A watchdog that can only watch

A watchdog that can only watch

THERE is a healthy level of irony in the fact that controversy now surrounds the very state agency that's tasked with lifting and enforcing the highest levels of conduct and ethics in Tasmanian governance.

In a bizarre turn of events, the Integrity Commission this week admitted that it does not have sufficient power to investigate claims of serious misconduct.

The revelation was remarkable, but so were the circumstances in which it came to light and the political response.

The commission concluded that it did not have the power to compel witnesses to appear before it, or demand documents while looking into long-standing complaints that were linked to the pulp mill planning process.

A watchdog, in short, that can only watch.

In the words of commission acting chief executive Russell Pearce, ``the commission would require, at the very least, the ability to compel witnesses to answer questions and to produce information'' if it was to adequately investigate such serious allegations.

He added that ``such a basic coercive power is vested in all similar agencies in other Australian jurisdictions''.

That could be seen as a failure of the government, which eventually set up the commission under pressure from the Liberals and Greens and Parliament.

Comments made at the time are telling.

In 2008 then-deputy premier and attorney-general Lara Giddings acknowledged there was a need for improved governance but not to the extent being called for by others.

``We want a body that has teeth in this state, but _ as it was put to me _ not fangs,'' she told a parliamentary committee looking into ethics at the time.

``We do not believe there is any systemic or orchestrated level of corruption that would require a far-reaching commission of corruption inquiry.''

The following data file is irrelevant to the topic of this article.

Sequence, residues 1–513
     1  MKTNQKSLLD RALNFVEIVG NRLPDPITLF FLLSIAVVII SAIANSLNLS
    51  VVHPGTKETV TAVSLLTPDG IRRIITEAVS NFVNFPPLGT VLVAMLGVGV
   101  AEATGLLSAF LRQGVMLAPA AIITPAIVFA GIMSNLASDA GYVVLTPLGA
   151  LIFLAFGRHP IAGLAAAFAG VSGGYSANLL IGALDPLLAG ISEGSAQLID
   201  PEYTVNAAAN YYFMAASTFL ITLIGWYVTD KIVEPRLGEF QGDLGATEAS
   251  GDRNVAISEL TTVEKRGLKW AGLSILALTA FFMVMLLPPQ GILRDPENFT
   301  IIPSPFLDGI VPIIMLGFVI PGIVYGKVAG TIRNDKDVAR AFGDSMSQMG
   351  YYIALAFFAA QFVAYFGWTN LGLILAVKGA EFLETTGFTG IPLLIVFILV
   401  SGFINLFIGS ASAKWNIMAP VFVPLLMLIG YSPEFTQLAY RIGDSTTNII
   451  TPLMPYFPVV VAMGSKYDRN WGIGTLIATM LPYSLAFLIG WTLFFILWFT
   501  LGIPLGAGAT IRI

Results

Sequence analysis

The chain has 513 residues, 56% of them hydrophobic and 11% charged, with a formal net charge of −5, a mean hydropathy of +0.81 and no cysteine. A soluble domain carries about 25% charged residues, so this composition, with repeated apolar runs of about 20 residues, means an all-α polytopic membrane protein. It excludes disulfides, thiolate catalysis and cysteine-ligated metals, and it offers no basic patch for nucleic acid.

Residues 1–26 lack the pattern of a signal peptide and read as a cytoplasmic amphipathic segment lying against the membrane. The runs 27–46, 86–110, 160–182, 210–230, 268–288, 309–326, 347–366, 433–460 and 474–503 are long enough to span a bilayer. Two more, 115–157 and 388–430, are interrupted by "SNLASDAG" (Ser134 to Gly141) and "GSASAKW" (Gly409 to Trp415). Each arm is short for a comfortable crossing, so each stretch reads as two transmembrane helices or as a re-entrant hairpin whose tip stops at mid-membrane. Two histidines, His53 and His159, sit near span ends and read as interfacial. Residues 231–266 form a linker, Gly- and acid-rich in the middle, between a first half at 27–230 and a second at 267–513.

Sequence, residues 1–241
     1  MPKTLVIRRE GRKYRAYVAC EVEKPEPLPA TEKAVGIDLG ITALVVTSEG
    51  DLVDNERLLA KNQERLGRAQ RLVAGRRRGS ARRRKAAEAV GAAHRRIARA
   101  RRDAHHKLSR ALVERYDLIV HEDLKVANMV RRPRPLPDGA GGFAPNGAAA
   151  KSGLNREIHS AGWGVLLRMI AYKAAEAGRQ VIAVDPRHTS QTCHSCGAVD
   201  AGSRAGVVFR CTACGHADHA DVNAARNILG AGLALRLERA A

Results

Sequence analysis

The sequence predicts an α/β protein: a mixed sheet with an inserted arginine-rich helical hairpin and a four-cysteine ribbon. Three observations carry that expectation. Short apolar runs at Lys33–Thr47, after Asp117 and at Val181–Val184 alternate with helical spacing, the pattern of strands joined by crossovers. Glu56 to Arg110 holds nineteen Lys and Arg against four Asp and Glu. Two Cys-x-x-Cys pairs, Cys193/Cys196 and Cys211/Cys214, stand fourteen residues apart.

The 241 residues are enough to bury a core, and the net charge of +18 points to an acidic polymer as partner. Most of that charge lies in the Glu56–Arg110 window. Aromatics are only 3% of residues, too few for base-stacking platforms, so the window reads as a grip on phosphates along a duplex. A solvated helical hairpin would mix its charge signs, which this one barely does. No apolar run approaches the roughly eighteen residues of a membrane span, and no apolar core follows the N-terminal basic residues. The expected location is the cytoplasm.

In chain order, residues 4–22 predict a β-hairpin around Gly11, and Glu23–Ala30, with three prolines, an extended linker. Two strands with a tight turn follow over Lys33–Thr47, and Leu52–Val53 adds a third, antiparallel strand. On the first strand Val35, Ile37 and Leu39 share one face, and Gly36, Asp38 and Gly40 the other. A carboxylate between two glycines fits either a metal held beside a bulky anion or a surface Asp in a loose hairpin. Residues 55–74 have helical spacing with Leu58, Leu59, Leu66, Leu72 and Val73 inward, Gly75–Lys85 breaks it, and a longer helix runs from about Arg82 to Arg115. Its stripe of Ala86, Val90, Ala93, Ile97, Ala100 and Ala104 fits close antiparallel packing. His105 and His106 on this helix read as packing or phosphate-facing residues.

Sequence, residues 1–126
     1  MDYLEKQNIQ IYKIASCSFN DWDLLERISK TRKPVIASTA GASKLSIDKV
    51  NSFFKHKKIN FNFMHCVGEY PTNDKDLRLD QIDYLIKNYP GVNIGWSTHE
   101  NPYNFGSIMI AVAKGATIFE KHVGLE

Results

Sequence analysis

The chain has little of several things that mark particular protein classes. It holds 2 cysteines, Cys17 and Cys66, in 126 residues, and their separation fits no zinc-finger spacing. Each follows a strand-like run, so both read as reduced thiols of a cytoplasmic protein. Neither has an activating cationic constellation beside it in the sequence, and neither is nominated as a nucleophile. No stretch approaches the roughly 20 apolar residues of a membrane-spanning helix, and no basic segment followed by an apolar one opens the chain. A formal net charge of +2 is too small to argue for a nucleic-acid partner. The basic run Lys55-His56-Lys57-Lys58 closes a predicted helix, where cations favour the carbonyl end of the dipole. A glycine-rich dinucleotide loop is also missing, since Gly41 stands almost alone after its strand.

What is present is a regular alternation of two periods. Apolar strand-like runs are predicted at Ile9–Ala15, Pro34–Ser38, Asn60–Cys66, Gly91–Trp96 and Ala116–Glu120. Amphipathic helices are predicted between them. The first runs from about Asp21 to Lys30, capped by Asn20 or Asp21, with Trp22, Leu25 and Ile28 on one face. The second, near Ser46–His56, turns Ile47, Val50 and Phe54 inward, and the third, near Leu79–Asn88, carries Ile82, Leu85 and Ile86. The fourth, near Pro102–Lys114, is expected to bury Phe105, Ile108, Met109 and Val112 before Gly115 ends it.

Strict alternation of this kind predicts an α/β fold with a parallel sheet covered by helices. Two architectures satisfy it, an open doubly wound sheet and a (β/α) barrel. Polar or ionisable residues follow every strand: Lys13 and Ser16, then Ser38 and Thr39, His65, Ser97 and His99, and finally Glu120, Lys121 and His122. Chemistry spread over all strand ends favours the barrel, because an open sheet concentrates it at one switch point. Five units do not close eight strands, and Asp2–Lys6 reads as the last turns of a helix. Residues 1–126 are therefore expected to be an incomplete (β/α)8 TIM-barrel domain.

Anti-pulp mill groups are now alleging the government carried out more serious dental work when it designed the legislation to set up the commission, and in effect created a ``toothless tiger''.

Certainly at the time both the Liberals and Greens criticised the limited time allowed to debate the legislation.

Several amendments put up by those parties then were voted down by the government.

Looking at the issues in setting up such bodies in the mainland, however, it is not unusual to have such teething problems. The really worrying aspect of this is not that shortcomings were discovered once the commission began operating, but that those shortcomings were revealed in a leaked report.

The report put together by the commission, in response to a number of allegations related to the pulp mill process, was sent only to those complainants.

In his executive summary to the report, Mr Pearce specified that the contents were not confidential but the commission had ``no plans to release it publicly''.

Why on earth not?

Surely the high level of public interest was obvious.

It was true naivety if Mr Pearce thought that a report sent to a number of groups and individuals who regularly court media would not become public anyway.

To make matters worse, Mr Pearce was not available to speak to the media after the report's release to better explain the contents.

In written responses, he seemed to indicate that the commission saw no pressing need to address the shortcomings it had identified.

Strange and stranger.

Bass Greens MHA Kim Booth was the only politician demanding immediate action from the government.

The Liberals and Attorney-General Brian Wightman said they saw no urgent need because the commission had seen no urgent need.

(If it had, then surely it would have raised the matter with the parliamentary committee set up for just that purpose.)

Like the commission, Mr Wightman believes this can wait until a three-year review of the commission (which was going to happen anyway) rolls around next year.

Meanwhile, the state's cynics and conspiracy theorists will see this as yet more evidence of the Apple Isle being rotten at its core.

Hardly the impression one imagines the commission was going for.